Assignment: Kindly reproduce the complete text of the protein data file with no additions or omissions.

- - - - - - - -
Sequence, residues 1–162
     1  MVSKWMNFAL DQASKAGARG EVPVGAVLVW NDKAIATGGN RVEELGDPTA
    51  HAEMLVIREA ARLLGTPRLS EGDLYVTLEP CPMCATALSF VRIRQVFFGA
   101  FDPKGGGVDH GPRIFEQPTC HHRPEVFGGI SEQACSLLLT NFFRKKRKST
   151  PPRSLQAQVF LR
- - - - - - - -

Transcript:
Sequence, residues 1–162
     1  MVSKWMNFAL DQASKAGARG EVPVGAVLVW NDKAIATGGN RVEELGDPTA
    51  HAEMLVIREA ARLLGTPRLS EGDLYVTLEP CPMCATALSF VRIRQVFFGA
   101  FDPKGGGVDH GPRIFEQPTC HHRPEVFGGI SEQACSLLLT NFFRKKRKST
   151  PPRSLQAQVF LR